The whole way through his formbook is decorated with two numbers, ones and twos. In 11 races he has won eight and since being moved to Willie Mullins’ yard has only tasted defeat once. That loss came last year where a bad mistake in a Grade 1 race on soft ground cost him any chance.
That may be Vautour’s only weakness, very soft or heavy ground. While he copes fine with wet terrain, there is no doubt it blunts his true ability and class. Last season at Cheltenham on good ground, he may well have beaten any horse in training over that intermediate trip on the surface, which was quick.
With this ground concern, we could see the Rich Ricci-owned gelding being campaigned in Great Britain in the hope of racing on nicer terrain. Long term the Gold Cup at Cheltenham is said to be his ultimate aim, but he must prove his stamina for that three miles two-and-a-half furlongs trip. Indeed, he must prove he stays three miles, and possibly have to do it on soft ground.
He is an exciting horse to follow this season especially on good or faster going, but it remains to be seen how he copes over three miles plus if faced with soft terrain. He could end up a Ryanair Chase horse in time if an inability to stay three miles plays out.
Vroum Vroum Mag
A former French-racer who acquired experience in bumpers and over hurdles in France before joining Willie Mullins’ team. Since her arrival in Ireland she has gone unbeaten in five chase starts which all came on right-handed tracks. Four of those were graded events – two Grade 2s and a pair of Grade 3s.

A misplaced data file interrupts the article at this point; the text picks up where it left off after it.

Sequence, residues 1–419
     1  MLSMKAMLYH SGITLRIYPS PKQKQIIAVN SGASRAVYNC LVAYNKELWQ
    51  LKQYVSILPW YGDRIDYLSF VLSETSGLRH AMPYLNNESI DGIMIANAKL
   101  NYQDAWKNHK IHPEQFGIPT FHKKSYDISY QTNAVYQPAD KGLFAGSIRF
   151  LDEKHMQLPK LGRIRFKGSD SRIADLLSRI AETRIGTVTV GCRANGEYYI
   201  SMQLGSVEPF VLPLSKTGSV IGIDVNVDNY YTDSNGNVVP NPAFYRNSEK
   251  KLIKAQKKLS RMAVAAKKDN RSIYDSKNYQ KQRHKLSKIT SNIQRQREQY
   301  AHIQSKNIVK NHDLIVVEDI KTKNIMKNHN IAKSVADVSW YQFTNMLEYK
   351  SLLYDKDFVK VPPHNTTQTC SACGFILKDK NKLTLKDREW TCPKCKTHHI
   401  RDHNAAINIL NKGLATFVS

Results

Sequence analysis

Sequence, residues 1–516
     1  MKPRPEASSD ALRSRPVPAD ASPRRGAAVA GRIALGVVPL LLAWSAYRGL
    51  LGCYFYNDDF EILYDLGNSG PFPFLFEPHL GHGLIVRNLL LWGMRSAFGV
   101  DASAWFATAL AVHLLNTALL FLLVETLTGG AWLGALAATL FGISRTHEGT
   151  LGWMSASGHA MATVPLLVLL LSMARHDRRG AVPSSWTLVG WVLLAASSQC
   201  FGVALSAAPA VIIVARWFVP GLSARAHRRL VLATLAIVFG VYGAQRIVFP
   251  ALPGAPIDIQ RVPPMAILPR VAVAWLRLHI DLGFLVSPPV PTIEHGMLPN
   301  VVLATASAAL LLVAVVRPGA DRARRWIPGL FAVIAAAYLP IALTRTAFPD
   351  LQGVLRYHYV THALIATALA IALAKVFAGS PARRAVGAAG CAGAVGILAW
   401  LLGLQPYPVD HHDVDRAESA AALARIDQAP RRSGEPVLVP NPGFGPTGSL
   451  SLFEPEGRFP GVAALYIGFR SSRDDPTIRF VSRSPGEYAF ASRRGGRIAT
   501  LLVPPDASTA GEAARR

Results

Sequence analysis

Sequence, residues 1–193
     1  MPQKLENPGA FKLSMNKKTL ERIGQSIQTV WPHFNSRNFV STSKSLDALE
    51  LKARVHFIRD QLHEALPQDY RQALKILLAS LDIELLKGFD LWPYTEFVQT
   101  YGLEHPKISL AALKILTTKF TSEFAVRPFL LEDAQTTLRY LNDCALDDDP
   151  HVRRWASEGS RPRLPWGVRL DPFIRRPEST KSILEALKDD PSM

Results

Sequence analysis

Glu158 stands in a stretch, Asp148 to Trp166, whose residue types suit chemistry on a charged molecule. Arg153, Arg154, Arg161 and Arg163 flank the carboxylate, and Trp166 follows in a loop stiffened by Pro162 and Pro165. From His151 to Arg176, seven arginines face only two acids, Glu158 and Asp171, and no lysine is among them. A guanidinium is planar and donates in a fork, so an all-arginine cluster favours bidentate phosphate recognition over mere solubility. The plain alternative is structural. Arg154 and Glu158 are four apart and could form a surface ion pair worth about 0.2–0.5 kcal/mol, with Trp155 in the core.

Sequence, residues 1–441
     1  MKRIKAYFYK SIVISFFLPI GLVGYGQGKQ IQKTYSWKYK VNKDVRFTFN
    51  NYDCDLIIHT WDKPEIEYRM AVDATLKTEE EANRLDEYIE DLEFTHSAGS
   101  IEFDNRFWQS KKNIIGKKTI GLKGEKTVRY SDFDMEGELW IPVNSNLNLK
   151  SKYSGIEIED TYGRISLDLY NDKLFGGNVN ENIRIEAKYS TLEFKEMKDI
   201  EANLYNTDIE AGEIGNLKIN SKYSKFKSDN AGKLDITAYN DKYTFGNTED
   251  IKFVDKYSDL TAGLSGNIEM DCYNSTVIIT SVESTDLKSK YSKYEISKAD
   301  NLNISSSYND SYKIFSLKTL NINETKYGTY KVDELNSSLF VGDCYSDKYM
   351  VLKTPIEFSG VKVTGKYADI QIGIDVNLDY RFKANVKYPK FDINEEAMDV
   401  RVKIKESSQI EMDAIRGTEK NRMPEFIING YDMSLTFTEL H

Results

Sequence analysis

Although a multiple graded winner, connections gave her a relatively quiet time last season. Her winning SPs of 8/11, 1/4, 1/2, 4/11 and 1/4 tell the story. While she hasn’t won many races that have tested her, it’s the style of her victories that have really caught the eye.
A mare who travels and jumps well, this six-year-old has shown a lovely blend of pace and stamina. It’s also encouraging some of her wins have seen useful speed figures obtained. Given the ease of her wins there is little doubt she can go faster with regards the clock meaning, she rates as a promising chaser this season.
Her pedigree suggests she will stay well. By Voix Du Nord, who has sired the likes of Taquin Du Seuil, Vibrato Valtat and Vaniteux, Vroum Vroum Mag’s dam is a half-sister to Saint Are – last season’s Grand National runner-up.
Rich Ricci will have plenty of fun with this mare over the coming months and a crack at the Hennessy Gold Cup at Newbury is said to be under review. Officially rated 153, at the time of writing, there is little doubt she is better than that mark. Longer term, the Ryanair Chase (14/1) and Cheltenham Gold Cup (33/1) are races we could see her run in. There is an awful lot to like.